The Diamond Age: Or, a Young Lady's Illustrated Primer Paperback – 29 Aug 2002
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A nanotechnologist, John Hackworth, breaks the moral code of his tribe, the neo-Victorians. He has made an illict copy of a device called "A Young Lady's Primer". Its purpose is to raise and educate a girl capable of thinking for herself, but Hackworth's copy has fallen into the wrong hands.
About the Author
Neal Stephenson has published four novels: The Big U, Zodiac, Snow Crash and The Diamond Age. For the last of these he won a 1996 Hugo Award. He also writes (with J. Frederick George) as 'Stephen Bury'. Their books are Interface and Cobweb. Most of his books are published in Penguin. He lives in Seattle, where he is at work on other novels.
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I was disappointed with this. The first part was incredibly slow and I was close to giving up before the story properly got underway. It felt like the author was more interested in his own cleverness (eg using obscure words) than in telling a story.
If I had to criticise, the chinese characters are often quite stereotypical, and typos do start to creep in towards the end of the book. There also seems some ambiguity as to whether the reader of the Primer can effectively go back a few moves, or is committed to any decision she makes.
You have to enjoy luxuriating in a book like this, and certainly there is a huge amount here to savour. It could have been a third of the length, but then you would miss so much good stuff. The narrative picks up the pace towards the conclusion, and I was thinking about a five star marking. But for me, the actual ending felt a little too abrupt, with a few too many loose ends.
Well worth reading and re-reading.
Author Neal Stephenson (Cryptonomicon, the Baroque Cycle) harnesses the power of storytelling to tell a story about the power of storytelling. The Primer is a kind of interactive Brothers Grimm, revealing to Nell the dark archetypes of the human experience and giving her the tools to cope via ever more sophisticated parables. As ever with Stephenson, this is far more than science fiction, though he delights in the extrapolation and potential of technologies - this is myth employed as Jung saw it, as revelation, as route to self-actualisation and ultimately, as Princess Nell leads her unstoppable army into a Shanghai in flames, of paradigm cultural change.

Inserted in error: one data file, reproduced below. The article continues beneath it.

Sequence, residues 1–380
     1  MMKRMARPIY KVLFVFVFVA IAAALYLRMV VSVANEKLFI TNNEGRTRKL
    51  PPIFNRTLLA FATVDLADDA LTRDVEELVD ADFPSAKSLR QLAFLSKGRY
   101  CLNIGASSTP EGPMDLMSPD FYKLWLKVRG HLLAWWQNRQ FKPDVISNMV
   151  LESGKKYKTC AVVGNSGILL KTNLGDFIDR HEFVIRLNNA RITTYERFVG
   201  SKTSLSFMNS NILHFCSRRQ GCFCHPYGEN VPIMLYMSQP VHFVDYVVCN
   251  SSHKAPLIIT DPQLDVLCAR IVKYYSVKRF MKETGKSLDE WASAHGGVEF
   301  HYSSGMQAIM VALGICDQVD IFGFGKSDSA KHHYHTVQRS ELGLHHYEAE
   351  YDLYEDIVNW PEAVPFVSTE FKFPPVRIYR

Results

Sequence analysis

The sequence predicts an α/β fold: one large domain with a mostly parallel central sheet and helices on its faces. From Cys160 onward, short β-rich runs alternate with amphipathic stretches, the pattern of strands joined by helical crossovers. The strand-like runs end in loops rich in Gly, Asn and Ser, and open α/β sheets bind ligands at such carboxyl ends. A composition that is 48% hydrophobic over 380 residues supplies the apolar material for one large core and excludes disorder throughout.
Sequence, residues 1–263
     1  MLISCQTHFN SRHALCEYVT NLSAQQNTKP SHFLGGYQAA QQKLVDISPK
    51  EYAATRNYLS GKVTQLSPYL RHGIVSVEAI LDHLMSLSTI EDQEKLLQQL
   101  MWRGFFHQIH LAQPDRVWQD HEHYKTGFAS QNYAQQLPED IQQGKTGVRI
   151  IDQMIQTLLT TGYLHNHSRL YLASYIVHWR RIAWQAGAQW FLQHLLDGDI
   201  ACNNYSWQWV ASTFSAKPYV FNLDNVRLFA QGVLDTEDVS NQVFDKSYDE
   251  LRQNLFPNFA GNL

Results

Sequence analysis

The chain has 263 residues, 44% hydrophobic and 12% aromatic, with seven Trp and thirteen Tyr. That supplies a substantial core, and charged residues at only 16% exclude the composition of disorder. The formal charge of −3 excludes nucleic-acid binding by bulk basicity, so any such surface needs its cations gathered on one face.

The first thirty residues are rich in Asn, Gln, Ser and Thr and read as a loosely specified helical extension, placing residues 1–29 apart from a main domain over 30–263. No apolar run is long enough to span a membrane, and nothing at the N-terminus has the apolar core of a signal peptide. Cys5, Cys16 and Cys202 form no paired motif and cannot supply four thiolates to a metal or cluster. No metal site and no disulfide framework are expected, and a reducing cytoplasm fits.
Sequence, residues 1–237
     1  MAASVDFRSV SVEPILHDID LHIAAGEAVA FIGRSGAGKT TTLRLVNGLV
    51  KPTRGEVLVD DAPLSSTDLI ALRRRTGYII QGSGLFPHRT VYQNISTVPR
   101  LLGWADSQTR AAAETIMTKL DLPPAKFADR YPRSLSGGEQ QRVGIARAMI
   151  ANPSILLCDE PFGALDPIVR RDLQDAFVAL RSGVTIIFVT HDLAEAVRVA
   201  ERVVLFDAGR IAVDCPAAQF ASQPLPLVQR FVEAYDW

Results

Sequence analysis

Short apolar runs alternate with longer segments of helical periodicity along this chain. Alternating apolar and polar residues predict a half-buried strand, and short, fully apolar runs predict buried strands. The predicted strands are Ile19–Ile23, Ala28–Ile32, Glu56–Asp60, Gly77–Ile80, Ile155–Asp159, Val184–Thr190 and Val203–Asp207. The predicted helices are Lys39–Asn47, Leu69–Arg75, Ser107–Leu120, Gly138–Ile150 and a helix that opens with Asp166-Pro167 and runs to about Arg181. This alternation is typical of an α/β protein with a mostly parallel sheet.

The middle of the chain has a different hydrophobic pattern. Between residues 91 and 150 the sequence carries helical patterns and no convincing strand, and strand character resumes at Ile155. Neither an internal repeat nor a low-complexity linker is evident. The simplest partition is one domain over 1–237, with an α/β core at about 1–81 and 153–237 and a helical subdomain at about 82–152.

The Diamond Age is also a meaty, multi-layered read with startling imagery, lucid characterisation and Stephenson's trademark wryly-observed wit. I cannot recommend this novel highly enough.
From a comment by the head of a corporation / country that "the most successful people have had _interesting_ lives", comes "A young lady's illustrated primer", an interactive book that, in short, challenges and educates its reader.
We follow the adventures of Nell and the other characters in the book in a futuristic world, not too far from what we may be living in within a few decades. The "Victorians", as they are called, aren't too far from our contemporary steampunk movement, for one.
Altogether a great adventure, with intriguing characters, in a world that never ceases to surprise. And in which I can't help but want to live.
Having bought a Kindle some months back a friend mentioned how great she thought Diamond Age was & I thought it wouldn't hurt to re-read. I slightly expected to be disappointed, as Stephenson's work has a lot of "rush", dynamic flashy writing & I thought maybe I'd see gaps this time round & limitations given how much technology has moved on.
Quite the reverse. The book does have faults of a certain kind ... it rambles & many of the events are simply too fantastical ... one of the main protagonists falls through a hole in the sea-floor into a world of drumming humans & stays there for 10 years ... HUM. However, I love it all & faults included it rates an easy 5 stars.
The core of the book is inspirationally powerful ... Stephenson loves the idea that natural human creativity & curiosity are right, good & correctly channelled result in amazing things & he manages to convince the reader of this even within a future distopia that is ambiguous, dirty & painful to inhabit. The central concept of a futuristic re-imagined book is passionate & beautiful & the parallel stories of different characters mesh well, without being showy.
There is naivety & exaggeration, but they have a wonderful, convincing flow & are a pleasure to fall into. I will be recommending this book to others & may well read it again in another 10 years.